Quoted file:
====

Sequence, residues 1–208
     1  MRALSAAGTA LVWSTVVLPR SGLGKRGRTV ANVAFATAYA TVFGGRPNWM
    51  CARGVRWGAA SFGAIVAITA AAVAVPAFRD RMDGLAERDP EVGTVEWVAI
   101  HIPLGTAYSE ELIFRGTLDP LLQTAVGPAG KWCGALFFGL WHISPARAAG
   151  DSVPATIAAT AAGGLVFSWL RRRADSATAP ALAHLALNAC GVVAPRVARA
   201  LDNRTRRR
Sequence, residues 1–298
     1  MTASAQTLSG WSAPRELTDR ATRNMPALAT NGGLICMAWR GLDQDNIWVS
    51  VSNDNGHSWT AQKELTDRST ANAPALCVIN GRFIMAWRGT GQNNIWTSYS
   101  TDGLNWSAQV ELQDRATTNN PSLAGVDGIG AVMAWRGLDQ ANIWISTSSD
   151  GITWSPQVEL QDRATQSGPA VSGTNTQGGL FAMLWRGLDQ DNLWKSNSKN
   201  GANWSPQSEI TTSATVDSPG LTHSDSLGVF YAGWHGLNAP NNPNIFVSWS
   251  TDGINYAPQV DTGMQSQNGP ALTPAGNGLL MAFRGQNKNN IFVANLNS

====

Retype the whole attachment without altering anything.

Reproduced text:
Sequence, residues 1–208
     1  MRALSAAGTA LVWSTVVLPR SGLGKRGRTV ANVAFATAYA TVFGGRPNWM
    51  CARGVRWGAA SFGAIVAITA AAVAVPAFRD RMDGLAERDP EVGTVEWVAI
   101  HIPLGTAYSE ELIFRGTLDP LLQTAVGPAG KWCGALFFGL WHISPARAAG
   151  DSVPATIAAT AAGGLVFSWL RRRADSATAP ALAHLALNAC GVVAPRVARA
   201  LDNRTRRR
Sequence, residues 1–298
     1  MTASAQTLSG WSAPRELTDR ATRNMPALAT NGGLICMAWR GLDQDNIWVS
    51  VSNDNGHSWT AQKELTDRST ANAPALCVIN GRFIMAWRGT GQNNIWTSYS
   101  TDGLNWSAQV ELQDRATTNN PSLAGVDGIG AVMAWRGLDQ ANIWISTSSD
   151  GITWSPQVEL QDRATQSGPA VSGTNTQGGL FAMLWRGLDQ DNLWKSNSKN
   201  GANWSPQSEI TTSATVDSPG LTHSDSLGVF YAGWHGLNAP NNPNIFVSWS
   251  TDGINYAPQV DTGMQSQNGP ALTPAGNGLL MAFRGQNKNN IFVANLNS